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Current Issues in Comparative Education, v13 n1 p29-36 Fall 2010

The logic behind international aid to development has typically centered on economics. Notwithstanding the variation in focus--from macroeconomic monetary and trade policies, to economic wealth programs aimed at creating jobs, to supply- and demand-side reforms--the central discourse on international aid has been dominated by a political economist's viewpoint. Steven Klees' article, Aid, Development, and Education continues to use an economic perspective by challenging some of the neoliberal economic assumptions made within the development industry since the 1970s. He offers a refreshing progressive alternative to the dominant neoliberal agenda and its institutions. His initial question--has such aid helped?--has a clear answer in all of the literature he reviews: no, aid has not been as effective as it could have been. But his call for a new architecture of international development derives from old foundations, reinforcing the established pillars of the economic development continuum--neoliberal, liberal, and progressive. Will a progressive development architecture produce a different outcome than that of (neo)liberalism without rebuilding the philosophical foundations of international aid? Is a reimagination of international aid along radically new philosophical lines possible? If so, what would it look like? As the development industry is becoming increasingly institutionalized as a science, business, and fashion--after all, anyone can now become development experts--these authors would like to challenge the very foundation on which the contemporary development architecture rests. Turning to an 18th-century French teacher named Joseph Jacotot, who attempted (albeit unsuccessfully) to reconceptualize education as an intellectual emancipation by implicating teacher expertise in perpetuating inequality, the authors ponder the possibility of a radical reimagination of international aid along similar lines. Instead of reinforcing the edifice of Western development expertise (seeking better best practices, identifying more efficient development methods, or mobilizing additional resources for international aid), perhaps what is really needed is an ignorant donor--a donor who enters the development scene without the baggage of international aid politics and the concerns of economic progress; who assumes an equality of intelligence in all stakeholders; and who sees empowerment, participation, and education as the ends in the process of international (and national) aid. (Contains 5 endnotes.)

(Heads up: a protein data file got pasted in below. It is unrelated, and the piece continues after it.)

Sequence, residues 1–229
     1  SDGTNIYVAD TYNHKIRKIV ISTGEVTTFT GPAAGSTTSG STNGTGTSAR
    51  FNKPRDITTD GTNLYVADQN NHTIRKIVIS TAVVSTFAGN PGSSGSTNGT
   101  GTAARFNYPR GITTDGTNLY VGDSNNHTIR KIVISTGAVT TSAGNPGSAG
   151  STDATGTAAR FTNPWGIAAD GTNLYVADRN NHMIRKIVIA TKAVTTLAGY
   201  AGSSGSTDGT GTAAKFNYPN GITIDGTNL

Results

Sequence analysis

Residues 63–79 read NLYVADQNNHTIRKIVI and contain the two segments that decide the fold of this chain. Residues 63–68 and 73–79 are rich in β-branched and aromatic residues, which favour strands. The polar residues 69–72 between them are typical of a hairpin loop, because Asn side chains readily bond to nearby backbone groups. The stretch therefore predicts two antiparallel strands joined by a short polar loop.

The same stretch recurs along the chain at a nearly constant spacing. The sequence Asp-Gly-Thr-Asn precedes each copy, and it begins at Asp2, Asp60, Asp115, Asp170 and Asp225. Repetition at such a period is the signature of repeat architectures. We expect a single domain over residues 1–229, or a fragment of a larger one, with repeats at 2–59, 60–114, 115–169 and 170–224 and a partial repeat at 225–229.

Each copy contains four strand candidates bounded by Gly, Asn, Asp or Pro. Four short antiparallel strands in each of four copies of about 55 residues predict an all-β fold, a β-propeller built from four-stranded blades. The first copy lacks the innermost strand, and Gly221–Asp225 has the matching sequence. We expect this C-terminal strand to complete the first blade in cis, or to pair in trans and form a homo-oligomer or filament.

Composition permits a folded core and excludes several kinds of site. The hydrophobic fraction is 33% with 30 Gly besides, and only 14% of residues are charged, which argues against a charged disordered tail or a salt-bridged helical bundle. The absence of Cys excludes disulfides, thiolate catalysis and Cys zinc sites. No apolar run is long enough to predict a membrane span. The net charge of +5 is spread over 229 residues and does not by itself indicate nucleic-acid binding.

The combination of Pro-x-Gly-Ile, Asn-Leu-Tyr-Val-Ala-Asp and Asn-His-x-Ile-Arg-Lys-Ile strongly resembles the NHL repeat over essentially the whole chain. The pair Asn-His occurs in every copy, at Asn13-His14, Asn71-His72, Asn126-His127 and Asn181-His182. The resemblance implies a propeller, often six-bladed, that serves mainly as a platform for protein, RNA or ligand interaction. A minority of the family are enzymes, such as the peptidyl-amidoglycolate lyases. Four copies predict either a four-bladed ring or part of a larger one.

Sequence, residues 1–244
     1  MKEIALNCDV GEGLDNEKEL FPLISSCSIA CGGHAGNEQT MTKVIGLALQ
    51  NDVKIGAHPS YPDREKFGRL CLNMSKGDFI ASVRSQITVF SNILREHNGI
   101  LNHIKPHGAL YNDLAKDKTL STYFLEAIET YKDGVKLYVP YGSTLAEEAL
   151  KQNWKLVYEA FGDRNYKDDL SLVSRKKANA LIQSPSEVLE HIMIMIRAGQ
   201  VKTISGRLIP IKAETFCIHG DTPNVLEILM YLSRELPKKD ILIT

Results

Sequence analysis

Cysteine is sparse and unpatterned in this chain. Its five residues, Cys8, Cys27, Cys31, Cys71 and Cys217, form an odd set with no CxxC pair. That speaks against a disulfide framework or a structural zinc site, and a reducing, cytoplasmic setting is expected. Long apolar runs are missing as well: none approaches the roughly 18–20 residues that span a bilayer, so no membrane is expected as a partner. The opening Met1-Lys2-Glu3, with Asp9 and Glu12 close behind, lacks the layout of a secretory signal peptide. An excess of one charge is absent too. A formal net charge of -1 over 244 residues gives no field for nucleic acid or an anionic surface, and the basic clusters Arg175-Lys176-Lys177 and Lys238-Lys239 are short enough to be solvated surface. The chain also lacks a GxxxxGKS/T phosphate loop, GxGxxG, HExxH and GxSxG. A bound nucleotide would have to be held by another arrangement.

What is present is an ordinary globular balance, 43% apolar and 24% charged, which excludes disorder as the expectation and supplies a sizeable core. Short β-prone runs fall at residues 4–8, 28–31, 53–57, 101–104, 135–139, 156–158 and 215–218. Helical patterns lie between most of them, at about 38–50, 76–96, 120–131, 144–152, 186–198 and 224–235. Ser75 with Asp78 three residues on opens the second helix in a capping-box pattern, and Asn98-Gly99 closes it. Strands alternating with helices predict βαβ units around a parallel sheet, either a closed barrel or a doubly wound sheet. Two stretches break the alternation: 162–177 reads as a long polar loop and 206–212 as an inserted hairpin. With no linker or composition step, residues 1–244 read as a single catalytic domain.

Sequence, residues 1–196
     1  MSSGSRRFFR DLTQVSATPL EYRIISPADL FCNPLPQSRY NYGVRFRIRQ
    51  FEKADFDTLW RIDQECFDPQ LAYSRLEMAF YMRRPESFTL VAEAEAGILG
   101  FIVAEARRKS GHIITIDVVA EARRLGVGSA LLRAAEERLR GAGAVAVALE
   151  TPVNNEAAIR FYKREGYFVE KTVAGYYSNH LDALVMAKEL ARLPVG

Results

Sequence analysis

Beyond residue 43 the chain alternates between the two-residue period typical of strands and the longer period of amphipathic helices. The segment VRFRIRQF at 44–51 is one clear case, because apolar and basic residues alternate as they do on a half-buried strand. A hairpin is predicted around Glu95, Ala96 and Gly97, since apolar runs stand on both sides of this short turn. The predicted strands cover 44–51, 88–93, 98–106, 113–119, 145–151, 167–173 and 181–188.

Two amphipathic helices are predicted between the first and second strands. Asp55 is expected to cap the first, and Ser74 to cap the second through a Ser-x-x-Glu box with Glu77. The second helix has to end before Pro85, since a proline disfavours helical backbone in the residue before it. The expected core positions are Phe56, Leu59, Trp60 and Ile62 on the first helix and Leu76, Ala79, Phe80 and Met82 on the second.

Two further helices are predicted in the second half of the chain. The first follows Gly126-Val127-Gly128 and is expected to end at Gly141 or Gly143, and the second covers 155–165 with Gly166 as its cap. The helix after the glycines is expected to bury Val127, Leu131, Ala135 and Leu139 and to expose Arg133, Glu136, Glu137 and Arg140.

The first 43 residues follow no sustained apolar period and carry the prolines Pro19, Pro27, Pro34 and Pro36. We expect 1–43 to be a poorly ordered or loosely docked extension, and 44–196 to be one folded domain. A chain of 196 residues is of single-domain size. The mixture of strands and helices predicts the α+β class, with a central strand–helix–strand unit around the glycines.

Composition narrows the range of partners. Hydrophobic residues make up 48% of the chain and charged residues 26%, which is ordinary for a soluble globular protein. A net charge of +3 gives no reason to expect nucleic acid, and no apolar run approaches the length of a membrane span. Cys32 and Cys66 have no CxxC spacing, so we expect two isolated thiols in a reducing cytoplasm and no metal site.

Descriptors: Expertise, Economic Progress, Educational Change, Political Attitudes, Economic Development, Global Approach, Models

Teachers College, Columbia University. International and Transcultural Studies, P.O. Box 211, 525 West 120th Street, New York, NY 10027. e-mail: info[at]cicejournal.org; Web site: http://www.tc.columbia.edu/cice





Author: Brehm, William C.; Silova, Iveta

Source: https://eric.ed.gov/?q=a&ft=on&ff1=dtySince_1992&pg=1968&id=EJ934761



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